After a late winter snowstorm a week or so ago, I walked along Central Park and paused to admire the landscape art of Frederick Law Olmstead and Calvert Vaux. For a moment, the world seemed quiet and calm. I felt a closeness to nature and forgot the everyday thoughts and worries haunting my mind. Those two gentleman designed the park to have just that effect.
One might not expect such an experience to be found in an urban area, especially a city with the density and ferocity of New York. Yet, many older American cities offer such surprises. These cities were designed for people–not automobiles–with the intent to build a shared civic culture. Beautiful parks belonged to that project.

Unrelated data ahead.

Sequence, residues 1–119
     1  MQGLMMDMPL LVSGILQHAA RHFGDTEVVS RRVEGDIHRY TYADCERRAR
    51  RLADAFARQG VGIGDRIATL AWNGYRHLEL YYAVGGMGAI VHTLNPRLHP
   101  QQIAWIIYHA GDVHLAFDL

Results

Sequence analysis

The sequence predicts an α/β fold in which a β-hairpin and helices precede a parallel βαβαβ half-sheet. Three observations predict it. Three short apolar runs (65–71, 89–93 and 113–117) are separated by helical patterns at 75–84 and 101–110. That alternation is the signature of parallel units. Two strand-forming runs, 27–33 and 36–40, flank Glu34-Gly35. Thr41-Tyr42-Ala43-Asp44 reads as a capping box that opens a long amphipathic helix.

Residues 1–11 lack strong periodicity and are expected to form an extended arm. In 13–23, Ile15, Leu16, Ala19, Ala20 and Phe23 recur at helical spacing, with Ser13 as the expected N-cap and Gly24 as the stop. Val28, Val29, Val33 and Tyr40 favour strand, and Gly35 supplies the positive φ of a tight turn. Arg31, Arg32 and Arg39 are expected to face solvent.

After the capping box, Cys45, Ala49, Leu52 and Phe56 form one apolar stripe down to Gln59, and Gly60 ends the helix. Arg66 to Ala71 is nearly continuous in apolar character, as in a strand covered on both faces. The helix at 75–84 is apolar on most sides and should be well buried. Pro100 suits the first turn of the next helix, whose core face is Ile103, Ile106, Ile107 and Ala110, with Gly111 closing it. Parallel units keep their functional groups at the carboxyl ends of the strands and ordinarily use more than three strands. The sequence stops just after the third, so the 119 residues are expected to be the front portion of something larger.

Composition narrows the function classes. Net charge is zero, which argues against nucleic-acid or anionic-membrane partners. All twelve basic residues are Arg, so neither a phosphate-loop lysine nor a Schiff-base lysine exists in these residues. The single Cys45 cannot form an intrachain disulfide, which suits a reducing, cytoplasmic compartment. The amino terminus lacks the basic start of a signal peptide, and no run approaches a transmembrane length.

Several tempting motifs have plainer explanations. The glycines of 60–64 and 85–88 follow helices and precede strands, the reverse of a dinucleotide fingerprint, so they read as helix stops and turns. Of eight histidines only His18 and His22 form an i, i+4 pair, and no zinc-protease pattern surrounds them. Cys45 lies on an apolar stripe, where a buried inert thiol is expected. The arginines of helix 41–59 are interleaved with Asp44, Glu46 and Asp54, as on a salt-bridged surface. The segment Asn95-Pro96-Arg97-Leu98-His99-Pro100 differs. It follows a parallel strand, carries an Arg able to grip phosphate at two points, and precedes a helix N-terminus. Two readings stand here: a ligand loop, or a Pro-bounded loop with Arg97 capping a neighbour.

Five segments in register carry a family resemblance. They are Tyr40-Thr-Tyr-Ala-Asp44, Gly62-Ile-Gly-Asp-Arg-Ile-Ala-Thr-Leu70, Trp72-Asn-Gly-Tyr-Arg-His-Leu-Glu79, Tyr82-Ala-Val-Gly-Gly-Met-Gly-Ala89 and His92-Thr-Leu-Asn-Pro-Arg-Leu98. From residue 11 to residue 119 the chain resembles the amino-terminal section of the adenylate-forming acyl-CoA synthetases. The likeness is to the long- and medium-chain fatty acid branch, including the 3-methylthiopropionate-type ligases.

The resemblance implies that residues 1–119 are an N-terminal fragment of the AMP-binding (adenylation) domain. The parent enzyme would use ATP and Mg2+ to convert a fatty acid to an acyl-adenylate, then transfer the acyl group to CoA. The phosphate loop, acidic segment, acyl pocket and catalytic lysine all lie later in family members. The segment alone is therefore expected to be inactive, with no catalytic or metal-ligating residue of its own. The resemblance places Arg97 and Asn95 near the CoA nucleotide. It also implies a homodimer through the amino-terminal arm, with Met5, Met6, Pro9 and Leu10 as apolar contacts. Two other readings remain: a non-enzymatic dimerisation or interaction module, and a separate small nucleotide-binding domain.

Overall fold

As Americans rediscover cities and become re-enchanted with urban life, historic public spaces such as Central Park will likely attract attention, investment, and resources. At the same time, new public spaces should be created for the enjoyment and pride of generations.
American city leaders–elected officials, businesses, and citizens–need to think well beyond the present. This includes creating quality public spaces.